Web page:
The middle of September finally saw the end of harvest for most, with just a few remaining crops of spring beans and linseed.
Oilseed rape establishment has been generally good, the intermittent wet weather has kept flea beetle at bay and has allowed even emergence, but on the flip slide some slug damage has been seen in many fields which has called for recommendations of ferric phosphate or metaldehyde to be made.
One half rate application seems to have done the job, but we will be keeping a close eye on both slugs and flea beetle in the coming weeks. An application of nitrogen from the one to two leaf stage is a good idea to help get plants away and out of the danger zone for slugs and flea beetle.
Under NMax rules a maximum rate of 30kg N/hectare can be applied in the autumn as soon as the crop is emerged; this is especially important if the crop has been late drilled or has patchy emergence.
Oilseed rape also has had either one or two applications of graminicides, depending on black-grass being present. The first graminicide is only really for volunteer cereals to help reduce competition. Some crops have or are about to receive Centurion Max (clethodim) or Aramo (tepraloxydim) which will give a later application of propyzamide or carbetamide less black-grass to work on.
Phoma and light leaf spot will be high on the agenda again this year. Phoma can come in at any point in the autumn and eradication is always proved difficult so a robust prevention strategy is most effective especially on varieties with a low resistance score such as Charger and Incentive.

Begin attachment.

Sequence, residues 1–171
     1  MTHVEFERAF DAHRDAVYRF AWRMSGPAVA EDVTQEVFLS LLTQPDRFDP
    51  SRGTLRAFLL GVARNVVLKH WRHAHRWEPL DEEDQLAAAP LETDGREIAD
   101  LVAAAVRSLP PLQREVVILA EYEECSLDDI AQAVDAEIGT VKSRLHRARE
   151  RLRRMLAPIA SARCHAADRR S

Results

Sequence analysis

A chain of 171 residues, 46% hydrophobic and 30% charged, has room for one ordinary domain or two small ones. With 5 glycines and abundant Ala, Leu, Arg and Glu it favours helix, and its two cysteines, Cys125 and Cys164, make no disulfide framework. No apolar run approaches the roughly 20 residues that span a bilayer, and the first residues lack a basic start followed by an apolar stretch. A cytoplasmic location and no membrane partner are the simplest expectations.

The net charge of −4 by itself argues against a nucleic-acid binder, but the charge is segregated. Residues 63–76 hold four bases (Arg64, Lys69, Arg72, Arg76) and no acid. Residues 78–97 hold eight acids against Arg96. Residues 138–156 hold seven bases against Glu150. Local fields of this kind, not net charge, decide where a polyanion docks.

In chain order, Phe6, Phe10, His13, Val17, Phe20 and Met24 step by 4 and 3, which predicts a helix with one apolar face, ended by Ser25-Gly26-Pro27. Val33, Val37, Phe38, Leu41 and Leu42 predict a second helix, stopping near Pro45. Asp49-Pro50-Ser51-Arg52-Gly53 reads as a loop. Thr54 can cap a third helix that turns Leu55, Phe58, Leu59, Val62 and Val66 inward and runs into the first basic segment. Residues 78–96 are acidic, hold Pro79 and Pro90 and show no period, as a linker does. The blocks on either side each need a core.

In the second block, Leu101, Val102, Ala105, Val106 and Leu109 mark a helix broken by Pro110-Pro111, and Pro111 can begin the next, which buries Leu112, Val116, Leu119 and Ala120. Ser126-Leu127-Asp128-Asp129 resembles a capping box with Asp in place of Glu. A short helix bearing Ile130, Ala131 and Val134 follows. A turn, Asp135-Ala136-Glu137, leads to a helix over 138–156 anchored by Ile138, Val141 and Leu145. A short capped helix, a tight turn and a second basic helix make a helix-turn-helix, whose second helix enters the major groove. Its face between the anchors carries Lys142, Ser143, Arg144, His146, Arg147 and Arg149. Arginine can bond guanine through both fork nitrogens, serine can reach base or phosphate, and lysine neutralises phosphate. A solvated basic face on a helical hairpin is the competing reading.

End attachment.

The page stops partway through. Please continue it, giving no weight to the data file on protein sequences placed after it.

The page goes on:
Two spray programmes are only really required if there is an infection of phoma early on in the season (usually before mid-October) which we could see as the wet early September weather could lead to an early phoma infection. Sprays will often only protect a crop for four weeks. Light leaf spot is predicted to have high levels of inoculum again this autumn.
Winter barley and winter wheat drilling has begun again, early sown wheat varieties such as Claire and Scout are first to be sown and have all received their pre- emergence herbicide recommendations based around flufenacet.
The poor weather during harvest has pushed everyone’s workload back so not all crops have been rolled or had a pre-emergence spray, but almost everyone has been able to go in peri- or post-emergence of the crop.
Slugs will need to be monitored on cereals as well with baited traps as pressure will be high if the weather remains mild and unsettled which I am sure it will. Deter (clothianidin)-dressed seed will give some seed hollowing protection to begin within along with aphid control. Deter will give six to eight weeks control of aphids so, on early-drilled crops, aphids will need to be monitored later on in autumn, with a pyrethroid to be planned if weather remains conducive to aphid flight after late-October.
Most years it is only our growers on lower-lying land which may need a follow-up spray to prevent BYDV spread in their early-sown crops.
We will aim to sow winter beans mid-October weather depending and if ground conditions allow this can be extended into November without too much of a yield penalty. A few growers choose winter beans over spring beans as a means of spreading work load if there is a lot of spring cropping in the rotation, they are also earlier to harvest than spring beans so can reduce the gap between the wheat and bean harvest.
There are also a few more chemical options available for winter beans such as propyzamide for black-grass control, which must be applied pre-emergence only.